Creating the Pattern Language Exhibition

This series is written by DZINE Gallery curator Philip Bewely

I always want an inside view as to what goes on “behind the scenes.” I want entry into places that are normally restricted in some way, like being backstage during a performance, or an invitation to view the archives of a museum. A question that I have often been asked is, “How does an exhibition come together?” As a guest writer for this blog, I will share stories of the inside workings of a gallery that people normally do not share, but that I personally find fascinating.


DZINE Gallery’s current exhibition, Pattern Language, which runs from September 18, 2015 to March 18, 2016, began with the working title of Pattern and Decoration, originally conceived by Miriam Dym. Miriam had previously curated a stellar exhibit of contemporary photography for DZINE Gallery’s inaugural show, “…And Everything in Between.” Miriam is an exceptional artist in her own right, and she is one of the 15 women artists featured in Pattern Language.


The best way I have found to create a concept for an exhibition is to go out and listen and observe what artists are saying and doing; by asking the question, “What interests you right now?” In my conversations with numerous artists, they all described how patterns of various kinds were informing their work: patterns in the graphic sense and also patterns found in nature and in human behavior. The use of text also came up as a kind of pattern: text and language in art to inform and intrigue and text deconstructed in ways that created new patterns and meanings. This was an exhibit that fell into place organically from a nascent conception to ideas percolating in the studios.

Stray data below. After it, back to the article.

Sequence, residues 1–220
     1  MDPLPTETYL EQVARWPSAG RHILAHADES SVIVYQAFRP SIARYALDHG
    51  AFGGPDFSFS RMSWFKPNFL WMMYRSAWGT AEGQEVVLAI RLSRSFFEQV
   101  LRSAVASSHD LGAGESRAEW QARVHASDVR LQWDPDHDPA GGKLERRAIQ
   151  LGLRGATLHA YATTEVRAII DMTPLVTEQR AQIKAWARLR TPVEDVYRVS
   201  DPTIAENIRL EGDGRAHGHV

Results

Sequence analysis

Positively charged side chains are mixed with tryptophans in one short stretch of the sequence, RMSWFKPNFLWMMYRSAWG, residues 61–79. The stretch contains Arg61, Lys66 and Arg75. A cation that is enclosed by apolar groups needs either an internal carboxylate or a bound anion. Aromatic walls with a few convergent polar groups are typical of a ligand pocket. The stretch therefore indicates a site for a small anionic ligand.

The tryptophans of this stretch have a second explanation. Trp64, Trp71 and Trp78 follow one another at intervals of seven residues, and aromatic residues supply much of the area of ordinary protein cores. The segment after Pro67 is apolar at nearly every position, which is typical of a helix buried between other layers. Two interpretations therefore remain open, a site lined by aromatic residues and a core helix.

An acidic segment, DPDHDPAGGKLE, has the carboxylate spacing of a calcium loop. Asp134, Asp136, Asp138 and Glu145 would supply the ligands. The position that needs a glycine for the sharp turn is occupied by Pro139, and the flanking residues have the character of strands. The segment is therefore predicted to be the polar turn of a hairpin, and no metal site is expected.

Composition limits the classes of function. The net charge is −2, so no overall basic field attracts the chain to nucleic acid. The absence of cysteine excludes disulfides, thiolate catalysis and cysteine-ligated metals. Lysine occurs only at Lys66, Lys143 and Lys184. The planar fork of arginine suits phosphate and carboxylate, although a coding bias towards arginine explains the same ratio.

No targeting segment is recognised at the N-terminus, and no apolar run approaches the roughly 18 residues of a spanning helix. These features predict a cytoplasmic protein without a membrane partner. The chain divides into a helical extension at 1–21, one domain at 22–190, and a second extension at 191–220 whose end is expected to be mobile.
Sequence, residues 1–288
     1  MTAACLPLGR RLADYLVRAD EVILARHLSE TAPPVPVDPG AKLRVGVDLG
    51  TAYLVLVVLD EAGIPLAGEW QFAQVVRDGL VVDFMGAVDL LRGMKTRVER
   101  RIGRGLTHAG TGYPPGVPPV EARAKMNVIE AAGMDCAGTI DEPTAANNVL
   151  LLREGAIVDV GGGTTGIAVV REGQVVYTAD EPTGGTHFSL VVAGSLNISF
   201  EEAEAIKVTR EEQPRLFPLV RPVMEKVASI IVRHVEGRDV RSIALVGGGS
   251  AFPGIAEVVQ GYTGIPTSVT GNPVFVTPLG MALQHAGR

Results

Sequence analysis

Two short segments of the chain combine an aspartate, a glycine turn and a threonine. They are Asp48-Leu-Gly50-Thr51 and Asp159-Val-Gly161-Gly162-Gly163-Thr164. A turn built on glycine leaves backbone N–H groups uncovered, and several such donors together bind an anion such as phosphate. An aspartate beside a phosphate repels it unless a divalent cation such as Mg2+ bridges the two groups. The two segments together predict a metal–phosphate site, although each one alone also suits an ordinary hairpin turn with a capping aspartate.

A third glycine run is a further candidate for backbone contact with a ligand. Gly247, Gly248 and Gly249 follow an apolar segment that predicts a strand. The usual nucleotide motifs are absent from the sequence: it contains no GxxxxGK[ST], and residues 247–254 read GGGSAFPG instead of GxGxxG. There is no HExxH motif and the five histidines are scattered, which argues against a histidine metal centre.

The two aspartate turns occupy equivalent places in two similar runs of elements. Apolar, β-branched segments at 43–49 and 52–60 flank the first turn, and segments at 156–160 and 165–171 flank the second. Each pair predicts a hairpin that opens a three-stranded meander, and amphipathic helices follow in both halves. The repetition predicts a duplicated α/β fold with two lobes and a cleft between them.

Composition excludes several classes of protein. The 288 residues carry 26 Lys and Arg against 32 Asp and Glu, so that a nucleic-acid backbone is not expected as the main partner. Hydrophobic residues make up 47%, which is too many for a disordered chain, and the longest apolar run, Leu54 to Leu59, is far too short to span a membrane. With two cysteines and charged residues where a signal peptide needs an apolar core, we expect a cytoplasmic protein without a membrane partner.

I hope that you will visit the gallery to see the exhibition, which features works of contemporary photography, paper cut process drawings, aquatints, hand blocked textiles, mixed media, painting, letterpress monotype, gilded glass, wool relief sculpture, art couture and video art. While I developed cross currents and interconnected themes between these works, the viewer has a part to play in making her own connections. These insights are sometimes surprising and always illuminating. The curator, the artist and the viewer are all interconnected in the artistic dialogue that is Pattern Language.

Next: Artists in Conversation Program